Beyond The Grid Failures
Northern Grid Failure on Monday, 30th July 2012, was big news. It became bigger next day, on Tuesday, when almost half of India went dark for over two hours with the failure of Northern, Eastern and North Eastern grids. Grid failures are rare & serious matter requiring grave introspection, detailed analysis and firm decisions to avoid recurrence. It was easy to describe reasons for these two grid failures, simply because there are a whole lot of factors, which due to lack lustre performance of power sector, were being neglected and forced analysts to classify these as Tragedy Waiting to Happen and a reminder that we are Living on the Edge.
Over drawl of Power by a few states, Supply Demand mismatch, installed generating capacity, poor health of SEBs, Outdated regulatory mechanisms, Technical and Commercial losses, Fuel supply and Transmission system are some of the reasons being attributed for these failures by Power Sector Experts. They have literally blamed the entire chain in power system, not one or two doable things for these failures. Power Sector is a victim of Policies & lack of will to take Decisions.
Traditionally Power Generation in our country had been with SEBs barring about 40,000 MW with a highly efficient NTPC. Only recently Private Sector started taking interest and boosted capacity addition in 11th plan. For 12th plan they will be adding almost 40% of proposed 76,000MW.
Presently India has installed capacity of 200,000MW compared to China’s 800,000MW. We have track record of poor project implementation, over protection of domestic vendors with stringent import regulations, misplaced environment policies, ever changing regulations for land acquisition and a PSU not competent to supply guaranteed fuel. Adding to these woes, Banks & financial institutions have started looking at Power Generation as risky investment. With all these it is going to be a tough catching up game and decades before we are able to fill the Demand Supply gap.
In a recent study international rating agency Moody has described higher than usual losses in T&D due to poor infrastructure and losses related to fraud & corruption by consumers who do not pay for the electricity they consume. It is estimated that 30% power is lost to theft and inefficiency in state distribution networks. It amounts to about 60,000MW, the load three affected grids were carrying on Tuesday afternoon when the 2nd failure happened. Post privatisation, power theft has been dealt by BSES and Tata’s in Delhi effectively by using cables to transmit power right up to consumers door steps, literally making it impossible for them to use jumpers and simultaneously imposing heavy penalty or even summary disconnection if found involved in power theft.
Our SEBs can’t take these costly but effective initiatives for want of funds. Their financial health is in dire state owing to low tariffs, increased fuel prices, non receipt/ delayed receipts from consumers. In Bihar receivables take up to 600 days i.e. almost 2 years after consuming electricity payment is made to SEB. Electricity is being sold at heavily subsidised rates to agriculture sector, which in most Northern states is the biggest consumer. And it takes long time to get subsidy from the government. It is because of the paucity of funds that SEB are not able to spend on badly needed maintenance of the local distribution system and generating plants in their state.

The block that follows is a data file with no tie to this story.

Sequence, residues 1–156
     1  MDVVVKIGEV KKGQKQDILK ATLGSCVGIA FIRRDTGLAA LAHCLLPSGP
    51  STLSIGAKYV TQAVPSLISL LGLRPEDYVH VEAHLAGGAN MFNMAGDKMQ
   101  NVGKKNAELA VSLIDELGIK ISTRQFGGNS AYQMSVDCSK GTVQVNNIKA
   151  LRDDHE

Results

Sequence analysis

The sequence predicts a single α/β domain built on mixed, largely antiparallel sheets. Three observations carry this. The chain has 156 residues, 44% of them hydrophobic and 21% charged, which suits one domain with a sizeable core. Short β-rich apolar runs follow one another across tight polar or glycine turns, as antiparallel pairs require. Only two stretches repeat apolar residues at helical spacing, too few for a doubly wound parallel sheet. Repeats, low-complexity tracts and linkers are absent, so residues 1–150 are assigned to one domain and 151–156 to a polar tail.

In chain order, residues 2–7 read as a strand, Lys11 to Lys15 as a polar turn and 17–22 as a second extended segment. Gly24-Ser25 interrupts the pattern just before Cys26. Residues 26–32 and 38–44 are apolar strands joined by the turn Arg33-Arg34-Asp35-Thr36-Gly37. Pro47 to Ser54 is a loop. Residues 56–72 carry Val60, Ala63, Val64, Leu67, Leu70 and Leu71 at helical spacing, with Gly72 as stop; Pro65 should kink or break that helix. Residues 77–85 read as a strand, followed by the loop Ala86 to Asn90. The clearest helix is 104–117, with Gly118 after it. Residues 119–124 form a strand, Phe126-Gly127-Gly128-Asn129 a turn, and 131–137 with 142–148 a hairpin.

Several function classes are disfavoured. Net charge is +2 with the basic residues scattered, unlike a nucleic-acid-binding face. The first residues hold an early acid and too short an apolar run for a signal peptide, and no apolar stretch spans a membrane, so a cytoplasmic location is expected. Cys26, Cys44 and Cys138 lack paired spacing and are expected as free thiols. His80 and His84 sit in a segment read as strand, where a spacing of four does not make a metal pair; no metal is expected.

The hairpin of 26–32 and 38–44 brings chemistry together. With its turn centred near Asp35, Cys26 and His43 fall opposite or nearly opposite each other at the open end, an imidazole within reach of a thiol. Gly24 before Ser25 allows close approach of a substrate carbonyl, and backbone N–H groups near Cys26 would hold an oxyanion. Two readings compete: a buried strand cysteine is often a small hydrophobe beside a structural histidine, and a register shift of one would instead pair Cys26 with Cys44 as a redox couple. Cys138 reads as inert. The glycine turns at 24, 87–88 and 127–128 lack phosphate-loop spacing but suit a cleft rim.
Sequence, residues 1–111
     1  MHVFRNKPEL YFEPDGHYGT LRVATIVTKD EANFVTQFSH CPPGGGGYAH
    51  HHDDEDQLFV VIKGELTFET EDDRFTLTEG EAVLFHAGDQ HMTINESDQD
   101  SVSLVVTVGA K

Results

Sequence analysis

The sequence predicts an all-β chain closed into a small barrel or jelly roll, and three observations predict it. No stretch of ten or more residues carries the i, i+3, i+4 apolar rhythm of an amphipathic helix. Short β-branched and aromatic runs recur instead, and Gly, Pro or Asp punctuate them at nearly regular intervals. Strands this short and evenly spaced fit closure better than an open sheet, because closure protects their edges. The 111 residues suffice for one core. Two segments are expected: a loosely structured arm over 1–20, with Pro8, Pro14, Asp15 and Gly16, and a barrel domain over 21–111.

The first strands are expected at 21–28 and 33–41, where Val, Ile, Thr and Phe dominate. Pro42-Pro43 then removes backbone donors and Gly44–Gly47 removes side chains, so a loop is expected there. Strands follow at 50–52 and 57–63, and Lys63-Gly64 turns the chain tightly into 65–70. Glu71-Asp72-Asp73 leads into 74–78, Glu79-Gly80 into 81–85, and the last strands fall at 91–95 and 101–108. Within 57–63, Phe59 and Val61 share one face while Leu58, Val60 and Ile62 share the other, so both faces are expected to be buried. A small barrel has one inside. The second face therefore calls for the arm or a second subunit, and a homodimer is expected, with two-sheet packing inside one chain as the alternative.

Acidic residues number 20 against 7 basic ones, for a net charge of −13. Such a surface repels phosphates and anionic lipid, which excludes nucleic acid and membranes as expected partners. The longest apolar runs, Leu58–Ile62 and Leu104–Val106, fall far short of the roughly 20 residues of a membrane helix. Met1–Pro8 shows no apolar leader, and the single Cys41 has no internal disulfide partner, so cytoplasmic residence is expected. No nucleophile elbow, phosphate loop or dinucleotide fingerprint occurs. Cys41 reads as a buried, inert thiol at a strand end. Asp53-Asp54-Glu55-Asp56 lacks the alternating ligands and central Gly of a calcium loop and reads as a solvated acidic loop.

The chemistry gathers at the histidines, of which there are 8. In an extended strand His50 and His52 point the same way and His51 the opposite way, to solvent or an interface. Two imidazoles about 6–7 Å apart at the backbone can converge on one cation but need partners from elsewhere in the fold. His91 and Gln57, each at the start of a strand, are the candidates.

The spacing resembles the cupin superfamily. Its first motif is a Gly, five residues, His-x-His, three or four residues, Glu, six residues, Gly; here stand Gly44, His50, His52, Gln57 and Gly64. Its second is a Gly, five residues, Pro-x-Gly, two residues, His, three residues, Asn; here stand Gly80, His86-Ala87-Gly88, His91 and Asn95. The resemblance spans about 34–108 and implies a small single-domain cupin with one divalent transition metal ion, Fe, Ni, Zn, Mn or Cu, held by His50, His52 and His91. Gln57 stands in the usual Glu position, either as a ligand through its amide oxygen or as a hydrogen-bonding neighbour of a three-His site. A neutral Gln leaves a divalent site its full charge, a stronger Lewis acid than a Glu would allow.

In India there are a large number of power plants which are old, inefficient and generating below average electricity but still being counted in 200,000MW installed capacity. This is also one of the reasons in shortfall in generation. By planned Renovation & Modernisation a new life can be infused in them providing a quick and low cost solution to bridge the demand supply gap.
Over drawl is turning out to be an easy way out for SEBs to meet their power requirements. Each Board has been allocated a quota and ideally shouldn’t exceed the limits prescribed. But it is being regularly violated with impunity as Boards find it cheaper to pay over drawl fines which are way below the prevailing market rate of Power to be sourced from Private Developers. Moreover penalty is a deferred payment unlike purchases from Power Exchange where immediate payments by transfer of funds are required. Until the over drawl fine is hiked to make it comparable with power purchase, Boards will keep violating the limits assigned regularly resulting in eventuality of grid failures during low frequency.
CERC has to be made more powerful. Their orders should have the same authority as that of a Court decree. They should raise the penalty for over drawl from present paltry Rs 1 Lakh to manifold for each violation and compounded for repeat violations. Keeping a watch on erring states should not be arduous as it is well known that Haryana, UP, Rajasthan, Punjab and J&K are the inveterate defaulters. If over drawl, which appears to be the cause for present collapse, can be checked, we shall be spared another grid failure of this magnitude in future.
About the author:
Mr Pravin Bhasin is Power Sector professional with over 40 years expereince in BHEL, L&T, Thermax & Reliance Infra.He has been associated with Thermal power projects both gas based & Coal based; small & large in India & abroad.Now he provides consultancy services on Power Sector.
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